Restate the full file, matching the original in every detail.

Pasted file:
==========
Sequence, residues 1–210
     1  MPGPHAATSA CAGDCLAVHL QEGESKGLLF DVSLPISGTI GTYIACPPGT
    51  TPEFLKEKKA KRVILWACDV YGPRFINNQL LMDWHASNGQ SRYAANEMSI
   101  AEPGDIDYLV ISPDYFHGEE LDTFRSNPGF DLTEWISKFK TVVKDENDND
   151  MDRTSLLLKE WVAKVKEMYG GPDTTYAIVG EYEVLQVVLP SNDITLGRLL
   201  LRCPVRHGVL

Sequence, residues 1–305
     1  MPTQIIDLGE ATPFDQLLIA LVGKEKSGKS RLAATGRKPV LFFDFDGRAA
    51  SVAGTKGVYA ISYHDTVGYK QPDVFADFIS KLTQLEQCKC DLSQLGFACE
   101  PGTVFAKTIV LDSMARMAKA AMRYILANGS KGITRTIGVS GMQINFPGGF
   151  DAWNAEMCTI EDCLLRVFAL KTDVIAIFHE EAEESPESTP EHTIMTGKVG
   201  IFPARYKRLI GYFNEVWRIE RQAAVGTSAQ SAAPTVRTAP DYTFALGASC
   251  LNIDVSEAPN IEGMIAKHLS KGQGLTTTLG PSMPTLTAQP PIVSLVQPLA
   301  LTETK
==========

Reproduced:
Sequence, residues 1–210
     1  MPGPHAATSA CAGDCLAVHL QEGESKGLLF DVSLPISGTI GTYIACPPGT
    51  TPEFLKEKKA KRVILWACDV YGPRFINNQL LMDWHASNGQ SRYAANEMSI
   101  AEPGDIDYLV ISPDYFHGEE LDTFRSNPGF DLTEWISKFK TVVKDENDND
   151  MDRTSLLLKE WVAKVKEMYG GPDTTYAIVG EYEVLQVVLP SNDITLGRLL
   201  LRCPVRHGVL

Sequence, residues 1–305
     1  MPTQIIDLGE ATPFDQLLIA LVGKEKSGKS RLAATGRKPV LFFDFDGRAA
    51  SVAGTKGVYA ISYHDTVGYK QPDVFADFIS KLTQLEQCKC DLSQLGFACE
   101  PGTVFAKTIV LDSMARMAKA AMRYILANGS KGITRTIGVS GMQINFPGGF
   151  DAWNAEMCTI EDCLLRVFAL KTDVIAIFHE EAEESPESTP EHTIMTGKVG
   201  IFPARYKRLI GYFNEVWRIE RQAAVGTSAQ SAAPTVRTAP DYTFALGASC
   251  LNIDVSEAPN IEGMIAKHLS KGQGLTTTLG PSMPTLTAQP PIVSLVQPLA
   301  LTETK